My own view is that the NSWP working hours payment ought to be paid on a 'pro rata' basis like other pay related benefits such as sick, holiday pay and sick pay - that way all Home Carers on a 35 hour working week would receive 35/37ths (or 95%) of a Level B NSWP payment.

The trade unions should be on to this as well if you ask me, because you don't have to work 37 hours before becoming eligible to join a union or to take part in a union strike ballot.

The real problem is that Glasgow City Council has just invented these 'cockamamy rules' which are impossible to justify as they go against the spirit and letter of the 1999 Single Status (Equal Pay) Agreement which is based on equal treatment for part-time workers.


Cockamamy Council 'Rules' (05/04/17) 

As regular readers know, Action 4 Equality Scotland is challenging various aspects of Glasgow's WPBR (Workforce Pay and Benefits Review) which the City Council introduced back in 2006/07.

One of the most controversial aspects of the WPBR scheme is over additional payments that are made under the heading of NSWP (Non Standard Working Pattern) payments.

I wrote previously on the blog site about how the Glasgow's predominantly female jobs seem to fare badly under the WPBR compared to their male colleagues, and this is also true when it comes to NSWP payments. 

Because one of the NSWP 'rules' is a requirement for employees to work 37 hours before they qualify for 7 'working hours' NSWP points.

Now points mean prizes under the WPBR and 7 NSWP points means that a 37 hour a week employee qualifies for Level B Payment which was worth £800 a year in 2006 - almost £10,000 over 12 years - and a whole lot more than people have been receiving in terms of annual pay increases, for example.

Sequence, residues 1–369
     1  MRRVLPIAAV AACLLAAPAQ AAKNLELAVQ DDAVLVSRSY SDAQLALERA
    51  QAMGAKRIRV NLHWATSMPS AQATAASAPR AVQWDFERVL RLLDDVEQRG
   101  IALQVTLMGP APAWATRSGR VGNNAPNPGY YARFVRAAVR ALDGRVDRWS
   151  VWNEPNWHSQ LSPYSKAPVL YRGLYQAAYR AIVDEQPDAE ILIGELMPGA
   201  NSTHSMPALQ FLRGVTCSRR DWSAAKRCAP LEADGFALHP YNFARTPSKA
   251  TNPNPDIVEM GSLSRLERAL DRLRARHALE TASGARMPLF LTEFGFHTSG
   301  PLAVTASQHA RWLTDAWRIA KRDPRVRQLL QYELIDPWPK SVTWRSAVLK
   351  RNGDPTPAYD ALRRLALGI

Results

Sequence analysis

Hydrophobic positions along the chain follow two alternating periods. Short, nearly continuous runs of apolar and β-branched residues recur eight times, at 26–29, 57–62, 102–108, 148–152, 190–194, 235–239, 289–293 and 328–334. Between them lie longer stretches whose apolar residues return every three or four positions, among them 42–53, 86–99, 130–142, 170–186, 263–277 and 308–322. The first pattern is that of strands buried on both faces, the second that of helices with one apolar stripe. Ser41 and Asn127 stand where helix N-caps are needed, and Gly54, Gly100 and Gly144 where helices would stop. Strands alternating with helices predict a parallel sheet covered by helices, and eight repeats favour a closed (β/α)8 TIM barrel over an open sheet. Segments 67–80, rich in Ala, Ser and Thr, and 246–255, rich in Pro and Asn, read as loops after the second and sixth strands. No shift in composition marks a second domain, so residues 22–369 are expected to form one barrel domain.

So who made up this barmy 'rule' and on what kind of twisted logic is this NSWP rule based?

Because it's completely crazy if you ask me - people don't have to work 37 hours to qualify for holiday pay, sick pay, or maternity pay - for example.

And can it really be a coincidence that the vast majority of Glasgow City Council employees who work less than 37 hours a week are women? 

Curiously all of Glasgow's hardworking Home Carers were placed on 35 hour a week contracts some years ago, so they miss out on a Level B Payment even though they work 95% of a 37 hour working week.

The 1999 Single Status (Equal Pay) Agreement was supposed to ensure equal treatment for part-time workers, but that seems not to have happened in Glasgow where mysterious rules have been invented (by whom?) to exclude the council's lowest paid workers.

As far as I know the trade unions in Glasgow haven't called or even threatened a single strike to defend the rights of thousands of part-time workers affected by this cockamamy 'rule' which is a complete disgrace, if you ask me.

Because if points are to be awarded for hours worked, they should be pro-rated just like all other payments and benefits - not deliberately designed in such a way that treats women workers much less favourably than their male colleagues. 

No wonder the Labour leader of Glasgow City Council can't defend his party's position over equal pay, but readers are invited to drop Frank McAveety a note by email or Twitter and let him know what you think.

Email -

Twitter - @FMcAveety


Court of Session (30/01/17) 

The Court of Session, Scotland's highest civil court, has set the following dates to deal with the outstanding equal pay claims against Glasgow City Council.  
  • 25th to 27th April 2017 - a three day hearing on the pay protection and assimilation period
  • 2nd to 5th May 2017 - four days focusing on the City Council's job evaluation scheme, also known locally as the WPBR (Workforce Pay and Benefits Review)
Now the timing could not be better if you ask me with the elections to Glasgow City Council taking place on Thursday 4th May 2017.

My message to the Labour leaders of Glasgow City Council is to come clean and explain the pay arrangements that were put in place after the introduction of its local job evaluation scheme (WPBR) in 2006/07.

So if Frank McAveety and his colleagues don't have the political will to resolve then issue, then step aside and make way for those who do.